I'm wiped out.
This weekend was the Bar Mitzvah of one of the kids in my neighborhood. He's a great kid and one of the best friends of my older kids. (As an aside, one of the (many) reasons that I love this neighborhood would be the kids. There are a ton in almost all of the ages of my kids. Whenever I can't find my big kids, I know that they are out with their friends.)
So, the temple service was on Saturday. I really didn't know what to expect, having never been to a Jewish, well, anything, really. We live in an area with a high concentration of Jewish families. As an aside, we also live in an area with a high concentration of Orientals. The Hubster and I joke that we are a minority, being Irish/German white Catholics. The service was amazing. Probably one of the most prayerful, reverent experiences of my life. It was looong, too, almost 3 hours. It was nice that they offered babysitting, and doubly nice that Emma and Riley actually stayed there. After, the was a luncheon, and then later that night, there was a dinner party scheduled. An entire day, devoted to a boy who was now considered a man. Most of my neighbors came out.
Having never been to a Bar Mitzvah, I had no idea that it was such a ginormous event. Really, I have only been to one other Jewish ceremony, and that was a bris. We have First Communions, and the way our church does it is nice, but not a huge party. Correction: there are people who do have big parties, we just aren't one of them, I guess. But, we have FC, and that's it. We go home. This event went on all weekend; it resembled a wedding in that there was an event for every day.
Let me back up here for a second. Friday, I had watched Oprah. It was the episode where she visited Auschwitz with Elie Wiesel. I remember my mother reading one of his books and crying, and I could never understand why. Now, as an adult, I do. I was *consumed* by Friday's episode. I have always been interested in the Holocaust, and it was the era that I did most of my research on in school. Oprah was walking through the museums with him, and they came to the shoe display. The stack of shoes was mindboggling. And then they came to the hair. At which point I began to cry, and then quietly lost it. There was a room full of hair from corspes, and it was one of the biggest rooms I have ever seen. I couldn't even stand it. But I forced myself to watch it, and my big kids as well.
So, Saturday night, we got dressed up and went to the hotel. I, of COURSE, was dressed incorrectly. One of my neighbors told me that she was just wearing a simple little sundress. Yeah, if you can say that. It was fancy and she looked amazing. I, on the other hand, was working my fancy gold cork wedges, thanks to Kalisa. Anyway, I was at the table with my neighborhood. It was tons of fun; I was sitting with two other couples who live across from me and two college boys who used to live down the street, before they went to school. There was a DJ, an open bar, and a huge buffet line, after the appetizers that were offered by walking waitstaff. It was akin to a wedding; at least, most of the weddings I've been to. I LOVE open bars, let's just say that.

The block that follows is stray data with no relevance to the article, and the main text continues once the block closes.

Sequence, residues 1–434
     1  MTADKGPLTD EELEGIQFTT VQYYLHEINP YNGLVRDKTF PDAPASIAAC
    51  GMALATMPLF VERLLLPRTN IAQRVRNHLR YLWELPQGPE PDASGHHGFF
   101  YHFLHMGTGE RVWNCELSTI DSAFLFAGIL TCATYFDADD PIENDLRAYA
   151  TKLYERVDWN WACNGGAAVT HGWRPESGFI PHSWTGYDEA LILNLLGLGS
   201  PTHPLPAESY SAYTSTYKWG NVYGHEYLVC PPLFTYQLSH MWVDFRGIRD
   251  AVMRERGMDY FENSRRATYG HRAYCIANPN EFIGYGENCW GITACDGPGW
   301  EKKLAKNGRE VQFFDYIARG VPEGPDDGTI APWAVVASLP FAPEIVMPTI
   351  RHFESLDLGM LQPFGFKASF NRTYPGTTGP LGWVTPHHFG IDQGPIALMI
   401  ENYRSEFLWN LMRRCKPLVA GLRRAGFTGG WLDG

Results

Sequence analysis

I went through the buffet line, gathering my salad and steak, fruit, green beans and broccoli. Hey, I was trying to be good! I sat down with my meal and my mixed drink, and dug in. About half way through the meal, I looked up and dropped my fork in shock.
I had just connected the dots between the Oprah show and the day I had just spent. An entire day, full of life and laughter, love and excitment, celebrated by a group of people who almost didn't exist. I looked around, the steak in my mouth as dry as toast. I was one of the only non Jewish persons in the room. The people who were in the room were my friends, and we were having a complete and total ball. The music was pumping, the drinks were flowing, and yet, it almost didn't happen. It was a party that almost wasn't. The shoes in the musuem had owners. The hair belonged on the heads of people who were seated at Table 10 with me. The suitcases of toys that were brought in anticipation of a fun time would have been used by little kids just like the ones running wild through the party, and by teens just like those asking for drinks at the bar.
I pushed my plate away, unable to eat anymore. It took me a good ten minutes before I was able to think about anything else. But then, the DJ played the Hava Nagila, and the entire room exploded into dance. I was even up there, this Irish Catholic. After that, there was no holding the party back, and we danced most of the night. I do LOVE to dance in a group of people.
Another thought that was so interesting to me was the juxtaposition of the college students with the married couples at the table. You have neighbors, people you hang with, and you never really know them. And then you go to a wedding, or a Bar Mitzvah, and people are able to relax. The hair comes down, the shoes come off, and the real person comes out. When you are in college, partying is all you think about. It defines you; how much you can drink, when can you drink, who is going to which party when. As an adult, the parties are farther between, so when you go to parties, you really get to see what people are made of; you get to see the real person inside.
Gah. We had a neighborhood party today, in the street, after we had a brunch together yesterday - so what I'm saying is that after three days, the neighbors are still talking to me, so I must have done something right. I had FOUR glasses of the best sangria EVAH, so I'm not sure that I said what I wanted to here.
What a great, eye opening, interesting weekend. Back to reality, but this time with a new vision. Hopefully it's not derived from all the alcohol I've had..........